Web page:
Bestselling Author David Liss Talks Writing and Selling Books to Random House

David Liss is the author six novels, most recently The Devil’s Company. He has five previous bestselling novel: A Conspiracy of Paper, winner of the 2000 Edgar Award for Best First Novel, The Coffee Trader, A Spectacle of Corruption, The Ethical Assassin and The Whiskey Rebels. In 2008, at the United Nations Convention against Corruption in Bali, Indonesia, he was named an Artist for Integrity by the UN Office on Drugs and Crime. No one is really sure why he should receive this honor or what it means, but it very possibly makes him the Bono of historical fiction. David Liss' novels have been translated into more than two dozen languages. He lives in San Antonio with his wife and children, and can be reached via his web page: davidliss.com, which features his endlessly fascinating and edifying blog. You can also contact David Liss on Facebook.

Welcome to The Writer's Life, David. Can you tell us how long you’ve been writing?

David: I’ve been writing my whole life. My first clear memory of trying to write fiction is in the second grade. On a more professional level, I published my first novel in 2000, and I’ve been writing full time ever since.

Your latest book, The Devil’s Company, is your sixth book with Random House. Can you take us from step A to step B and tell us how that happened?


David: When I was trying to sell my first book, I was lucky enough to be connected to my agent, Liz Darhansoff, through a mutual friend. I knew very little about the business back then, but now I realize there are lots of ways for an agent to present a novel, and my agent did a terrific job of creating interest in my manuscript. She sent it out to about 15 editors, and we had serious interest from five. I was living in New York City at the time, and I actually had the truly strange experience of going around to each of these editors and speaking with them. I was in grad school then, and making extra money as an office temp, so it was hard for me to convince myself that my real function at these meetings was not to get everyone coffee. I think I could have been very happy with each of these editors at each of these houses, but I ended up going with Random House for a number of reasons, and I’ve been there ever since.

Any setbacks along the way?

David: Nothing major. I know people who have bounced from house to house as imprints undergo the turmoil for which the industry is famous – especially in hard economic times. I have heard a lot of horror stories, and I know I’m very lucky to be at the same first-rate imprint where I started out. My original editor left – twice, in fact. The first time to work for a major Hollywood producer, and the second time to start his own imprint. My new editor, Jennifer Hershey, does a fantastic job, however, and actually edits, which is an unusual thing these days. I’ve just signed a new two-book deal with Random House, so obviously I am quite happy there.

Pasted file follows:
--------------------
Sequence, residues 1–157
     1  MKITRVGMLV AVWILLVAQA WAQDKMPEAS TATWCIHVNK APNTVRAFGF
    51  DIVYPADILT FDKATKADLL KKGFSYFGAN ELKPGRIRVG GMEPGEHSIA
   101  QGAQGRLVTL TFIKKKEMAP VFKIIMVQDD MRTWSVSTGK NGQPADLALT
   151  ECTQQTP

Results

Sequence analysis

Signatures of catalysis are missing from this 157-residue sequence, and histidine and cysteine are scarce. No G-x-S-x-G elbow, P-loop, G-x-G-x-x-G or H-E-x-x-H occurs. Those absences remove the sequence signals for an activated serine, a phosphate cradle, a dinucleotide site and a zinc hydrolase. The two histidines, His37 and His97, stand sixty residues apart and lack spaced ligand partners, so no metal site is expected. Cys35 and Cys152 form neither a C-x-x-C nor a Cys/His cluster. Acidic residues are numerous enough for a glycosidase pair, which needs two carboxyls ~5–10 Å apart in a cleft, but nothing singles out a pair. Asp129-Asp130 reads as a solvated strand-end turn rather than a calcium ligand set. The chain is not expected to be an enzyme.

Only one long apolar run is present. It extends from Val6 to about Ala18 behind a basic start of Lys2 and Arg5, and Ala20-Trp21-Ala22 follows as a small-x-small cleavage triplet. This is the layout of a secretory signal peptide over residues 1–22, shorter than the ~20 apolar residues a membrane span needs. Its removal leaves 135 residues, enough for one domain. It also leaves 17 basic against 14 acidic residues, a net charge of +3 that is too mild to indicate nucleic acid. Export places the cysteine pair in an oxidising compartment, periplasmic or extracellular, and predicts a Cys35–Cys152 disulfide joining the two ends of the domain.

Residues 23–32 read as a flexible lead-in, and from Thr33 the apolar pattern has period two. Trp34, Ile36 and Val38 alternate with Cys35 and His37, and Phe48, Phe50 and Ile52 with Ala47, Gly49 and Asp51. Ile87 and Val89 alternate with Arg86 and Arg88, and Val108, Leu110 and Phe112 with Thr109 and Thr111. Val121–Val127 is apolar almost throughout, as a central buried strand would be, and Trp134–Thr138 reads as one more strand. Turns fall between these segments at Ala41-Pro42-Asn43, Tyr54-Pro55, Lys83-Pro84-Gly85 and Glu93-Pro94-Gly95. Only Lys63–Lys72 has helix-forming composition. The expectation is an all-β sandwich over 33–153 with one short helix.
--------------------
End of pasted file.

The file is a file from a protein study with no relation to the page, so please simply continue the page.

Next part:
Going back to your first book, what was it like to find out you not only were not only about to be published for the first time, but it was Random House?


David: I was thrilled. When I wrote A Conspiracy of Paper, I didn’t know the book would be taken so seriously, or that I would end up being one of those lucky writers whose work appeals to both mainstream and genre readers. Having the book accepted by a prestigious imprint really meant a great deal to me.

Can you tell us some things Random House is doing for you promotion-wise?

David: Realistically speaking, promotion for a sixth book is always going to look very different than promotion for a first book. My last novel came out only nine months ago, so I won’t be doing a lengthy book tour this time around. Publicity for The Devil’s Company is going to focus on coverage in both traditional media outlets and on the internet. We’ve also been sending out early copies to readers on several internet sites to create buzz.

I’ve always been curious – did Random House give you a personal publicist or did you get one on your own?

David: I’ve always worked with Random House publicity, and they are very thorough.

In your own opinion, what should authors do as far as promotions on their own?

David: I think that really depends on the author. I happen to enjoying going out and meeting readers, speaking in public, and interacting with readers on various internet sites. I love connecting with fans through portals like Goodreads and Facebook, and now through my blog. Other people may be more private or may guard their time more jealously, and other modes of promotion will work better. If you are not having a good time, then interacting with readers won’t get you much.

Thank you so much for this interview, David. I know my readers will really benefit from your knowledge about the publishing business from the author’s point of view. What’s next for you?

David: I will be publishing my first comic book with Marvel this September: Daring Mystery Comics Annual #1, featuring a super-cool Golden Age character, the Phantom Reporter. I am also hard at work on my next novel, which is set during the Luddite uprising in 1811- 1812 and deals with the Industrial Revolution, romanticism, and practitioners of traditional English folk magic.

Thank you again, David, and I wish you much success!
Powered by Blogger.